Iceland’s best-known Arctic photographer Ragnar Axelsson, or “Rax” as he is universally known, has spent three decades following in the footsteps of the great Arctic explorers to document the vanishing lifeways and landscapes of the far north. His has traveled through the icy wastelands of the Faroe Islands, Greenland, and his native Iceland with a singular objective—to get under the skin of the hunters, fishermen, and farmers of the region to find out what makes them tick. Deeply obsessed with the mystique and grandeur of the topography his characters inhabit, Rax’s landscapes are all about the bleakness of the terrain and the harshness of everyday life in these inhospitable territories. The Explorers Journal recently caught up with Rax to discuss his recently released monograph, Faces of the North, a visual monument to an ephemeral way of life in a vulnerable and threatened landscape.
The Explorers Journal: Did you always know you wanted to be a photographer?
Ragnar Axelsson: I would say yes. I started taking photographs of the people who lived on the farms outside of the city when I was ten. You see some of these people in the book. So I have always been a photographer, but I also wanted to be a pilot. Unfortunately, by the time I got my license, there were few jobs for pilots so I fell back on photography.
EJ: How did Faces of the North come into being?
Ra: Faces of the North is the result of more than 30 years of work. And in that relatively brief time, I have witnessed tremendous change in the Far North. When I began photographing life in the Arctic, my goal was really just to document what it was to live in the cold. But I soon realized that there was something going on. If you look at some panoramic photographs I took in Greenland years ago, all you see is ice, but today there is only open water. I remember photographing an old hunter in Greenland who, sniffing the air and speaking in his native Greenlandic, told me, “There is something wrong, it shouldn’t be like this. The ‘big ice’ is sick.” He was talking about the glacier and how ice was changing in the fjord. That was a turning point for me.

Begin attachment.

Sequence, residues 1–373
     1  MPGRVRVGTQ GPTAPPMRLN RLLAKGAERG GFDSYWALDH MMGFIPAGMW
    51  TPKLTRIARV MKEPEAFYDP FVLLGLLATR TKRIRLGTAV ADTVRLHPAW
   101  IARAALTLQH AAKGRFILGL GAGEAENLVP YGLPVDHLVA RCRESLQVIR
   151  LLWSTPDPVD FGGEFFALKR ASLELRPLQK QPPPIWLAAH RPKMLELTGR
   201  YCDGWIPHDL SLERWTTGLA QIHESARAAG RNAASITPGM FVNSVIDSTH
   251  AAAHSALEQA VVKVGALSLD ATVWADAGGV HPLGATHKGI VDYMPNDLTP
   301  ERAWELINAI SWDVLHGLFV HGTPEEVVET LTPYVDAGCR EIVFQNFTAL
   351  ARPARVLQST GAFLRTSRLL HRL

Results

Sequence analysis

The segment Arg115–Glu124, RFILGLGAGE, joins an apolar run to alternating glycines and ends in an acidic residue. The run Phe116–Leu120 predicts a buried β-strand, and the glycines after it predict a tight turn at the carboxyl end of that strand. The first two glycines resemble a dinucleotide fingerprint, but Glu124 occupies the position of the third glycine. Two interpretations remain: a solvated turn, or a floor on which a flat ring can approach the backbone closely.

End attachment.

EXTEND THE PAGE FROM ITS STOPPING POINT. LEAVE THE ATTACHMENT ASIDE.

EJ: Do you think that this was an instinctive understanding of climate change?
RA: These people are part of nature and as such they sense everything. I think that when you look at the faces of the people in this part of the world you are looking at a way of life that is dying. You see the old fishermen with their wooden boats and the farmers with their long, white beards. In Greenland the younger generation has little interest in living as hunters on the ice.
EJ: You have said that the Arctic explorer Wally Herbert inspired you.
RA: Wally Herbert was extraordinary, and of course he was at the North Pole in 1969 when the Apollo 11 guys were landing on the Moon. So of course he wasn’t in the news so much, but he should have been. But what he did was a very heroic and brave thing to do. I’ve never been in that position, because I really only go out onto the ice with my camera for three or four weeks at a time. That’s nothing compared with what Wally was doing. But it’s still pretty hard for sure.
EJ: You have deliberately focused on Arctic. Why is that?
RA: I’ve been all over the world, but the Arctic keeps calling me back time and again. Perhaps more important, the Far North is going to be the biggest environmental issue for years to come because it is changing so fast. I know that there are people who don’t believe in climate change, but it is just a fact. We have to be able to answer our children when they ask us what we did about this.